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THE BURDEN OF NEUROLOGICAL DISEASE IN THE ACUTE INPATIENT HIV POPULATION; AN AUDIT OF 73 CONSECUTIVE ADMISSIONS
  1. Rachel Brown,
  2. Mark Nelson,
  3. Angus Kennedy,
  4. John Janssen,
  5. Nicholas WS Davies
  1. Chelsea and Westminster Hospital

    Abstract

    Introduction Neurological complications of HIV infection may result from opportunistic infection, tumour, direct effects of the virus, or drug toxicity. The changing demographics of HIV infection in the UK, particularly the ageing population, are likely to alter the spectrum of neurological disease seen in HIV centres. We audited acute inpatients with HIV infection to describe the current prevalence of neurological symptoms and signs in our cohort.

    Methods Consecutive patients admitted to an acute HIV ward over a 3–month period underwent neurological assessment. Data collected included history of HIV infection, history of neurological disorders and presence of neurological symptoms. A screening neurological examination was performed on all patients. Data was analysed using Excel and GraphPad.

    Results Of 84 patients admitted, 73 were assessed, 6 were excluded as too unwell to complete assessment and 5 patients were missed. Of the patients assessed, 63 patients were male. Median age was 44 years (range 25–70 years). Median nadir CD4 count was 100 cells/μL (range 0–604, n=61) and median CD4 count at assessment was 366 cells/μL (1–1396, n=72). There were 65 patients (89%) anti–retroviral–drug–treated with a median duration of treatment 4 years (range 5 days–26 years).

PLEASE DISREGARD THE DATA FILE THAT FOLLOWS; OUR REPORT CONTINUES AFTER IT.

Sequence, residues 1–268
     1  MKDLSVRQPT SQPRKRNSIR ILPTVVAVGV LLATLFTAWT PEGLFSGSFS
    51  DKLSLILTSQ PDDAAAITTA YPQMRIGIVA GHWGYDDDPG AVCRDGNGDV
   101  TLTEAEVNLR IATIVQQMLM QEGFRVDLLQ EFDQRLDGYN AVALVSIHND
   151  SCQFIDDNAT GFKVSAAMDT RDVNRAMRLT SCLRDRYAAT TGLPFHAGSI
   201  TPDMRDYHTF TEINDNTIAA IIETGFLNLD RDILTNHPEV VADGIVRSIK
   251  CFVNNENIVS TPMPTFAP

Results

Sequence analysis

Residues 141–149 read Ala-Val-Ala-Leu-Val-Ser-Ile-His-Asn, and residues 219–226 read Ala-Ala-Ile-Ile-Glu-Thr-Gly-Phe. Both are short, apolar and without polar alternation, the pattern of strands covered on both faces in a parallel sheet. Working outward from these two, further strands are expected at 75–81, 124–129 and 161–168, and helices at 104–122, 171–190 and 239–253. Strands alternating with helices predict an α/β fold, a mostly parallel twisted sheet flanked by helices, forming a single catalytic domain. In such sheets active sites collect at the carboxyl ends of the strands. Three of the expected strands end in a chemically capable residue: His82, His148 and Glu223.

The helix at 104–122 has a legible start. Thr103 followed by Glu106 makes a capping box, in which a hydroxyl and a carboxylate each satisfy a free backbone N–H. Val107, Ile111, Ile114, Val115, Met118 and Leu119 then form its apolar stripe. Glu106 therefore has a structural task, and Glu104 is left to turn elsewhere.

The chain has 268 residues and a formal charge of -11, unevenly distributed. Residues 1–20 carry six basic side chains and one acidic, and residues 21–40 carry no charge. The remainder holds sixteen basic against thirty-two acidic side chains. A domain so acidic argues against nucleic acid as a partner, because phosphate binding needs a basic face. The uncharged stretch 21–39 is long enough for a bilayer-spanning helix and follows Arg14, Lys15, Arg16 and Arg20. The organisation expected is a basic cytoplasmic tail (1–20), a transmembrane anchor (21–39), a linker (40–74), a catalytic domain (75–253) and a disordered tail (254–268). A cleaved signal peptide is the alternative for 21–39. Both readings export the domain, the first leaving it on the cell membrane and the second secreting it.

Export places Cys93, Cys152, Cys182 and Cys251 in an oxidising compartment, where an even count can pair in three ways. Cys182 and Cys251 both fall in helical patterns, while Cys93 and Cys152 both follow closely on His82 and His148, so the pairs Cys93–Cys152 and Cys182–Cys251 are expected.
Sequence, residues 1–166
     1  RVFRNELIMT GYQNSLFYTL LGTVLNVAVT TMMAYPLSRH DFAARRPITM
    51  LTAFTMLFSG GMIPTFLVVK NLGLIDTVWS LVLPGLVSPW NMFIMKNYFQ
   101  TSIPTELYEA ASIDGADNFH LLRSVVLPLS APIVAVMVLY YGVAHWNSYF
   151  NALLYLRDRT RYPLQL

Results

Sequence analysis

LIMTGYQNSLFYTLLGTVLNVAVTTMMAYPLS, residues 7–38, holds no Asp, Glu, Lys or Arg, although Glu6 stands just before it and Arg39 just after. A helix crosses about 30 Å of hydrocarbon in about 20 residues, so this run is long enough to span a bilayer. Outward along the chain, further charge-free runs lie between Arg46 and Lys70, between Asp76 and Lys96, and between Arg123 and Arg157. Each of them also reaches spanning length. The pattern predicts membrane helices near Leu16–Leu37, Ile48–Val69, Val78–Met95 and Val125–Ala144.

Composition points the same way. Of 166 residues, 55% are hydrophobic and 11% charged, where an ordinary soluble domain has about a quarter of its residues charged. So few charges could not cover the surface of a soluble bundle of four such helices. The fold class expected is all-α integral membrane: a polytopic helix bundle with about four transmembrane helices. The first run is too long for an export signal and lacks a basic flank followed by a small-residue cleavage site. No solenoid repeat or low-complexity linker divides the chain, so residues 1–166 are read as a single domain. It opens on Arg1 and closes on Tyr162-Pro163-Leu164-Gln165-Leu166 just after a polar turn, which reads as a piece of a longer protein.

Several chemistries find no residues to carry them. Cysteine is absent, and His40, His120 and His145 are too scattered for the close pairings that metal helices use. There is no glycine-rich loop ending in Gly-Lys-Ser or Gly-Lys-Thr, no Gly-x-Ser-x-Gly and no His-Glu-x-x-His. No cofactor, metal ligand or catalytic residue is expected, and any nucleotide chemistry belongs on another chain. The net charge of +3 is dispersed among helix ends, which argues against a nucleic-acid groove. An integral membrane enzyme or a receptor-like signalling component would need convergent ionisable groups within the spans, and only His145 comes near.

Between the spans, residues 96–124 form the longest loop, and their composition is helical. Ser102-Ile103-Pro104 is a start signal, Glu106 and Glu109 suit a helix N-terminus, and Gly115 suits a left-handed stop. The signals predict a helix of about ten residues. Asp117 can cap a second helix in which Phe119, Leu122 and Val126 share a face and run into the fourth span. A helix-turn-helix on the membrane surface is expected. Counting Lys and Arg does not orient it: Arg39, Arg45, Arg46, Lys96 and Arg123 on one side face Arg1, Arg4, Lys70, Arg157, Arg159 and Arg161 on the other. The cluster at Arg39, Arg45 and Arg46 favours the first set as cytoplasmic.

There was a high incidence of pre–existing neurological disorders: 41% reported previously diagnosed neurological or ophthalmic disorders and 27% patients reported previous assessment by a neurologist.

    Neurological or ophthalmic symptoms were the reason for admission in 7 patients (10%) and 3 patients (4%) respectively, and were the 4th most common reason for presentation by organ system. Six of these patients had new CNS infections, including cerebral toxoplasmosis (1 patient), cryptococcal meningitis (1 patient), progressive multifocal leukoencephalopathy (1 patient), CMV retinitis (2 patients) and neurosyphilis (1 patient). One patient was diagnosed with cerebral toxoplasmosis later during a prolonged admission for a respiratory infection. CNS infection as cause for admission was significantly associated with current CD4 <100 cells/μL (p=0.009).

    The frequency of neurological symptoms was high (73% patients) while 60% patients had abnormal neurological signs on clinical examination. Clinical examination frequently revealed asymptomatic neurological signs, for example signs indicative of mild distal symmetrical sensory neuropathy. Inpatient referral to the neurology team was made for 8 (11%) patients.

    Conclusions This audit demonstrates a high incidence of neurological symptoms and signs in the acute HIV setting. Physicians treating HIV–infected inpatients should be vigilant for neurological diseases. HIV centres require both neurological liaison services as well as access to neurological investigations. Service development and commissioning plans for HIV inpatient care need to incorporate access to neurological expertise.

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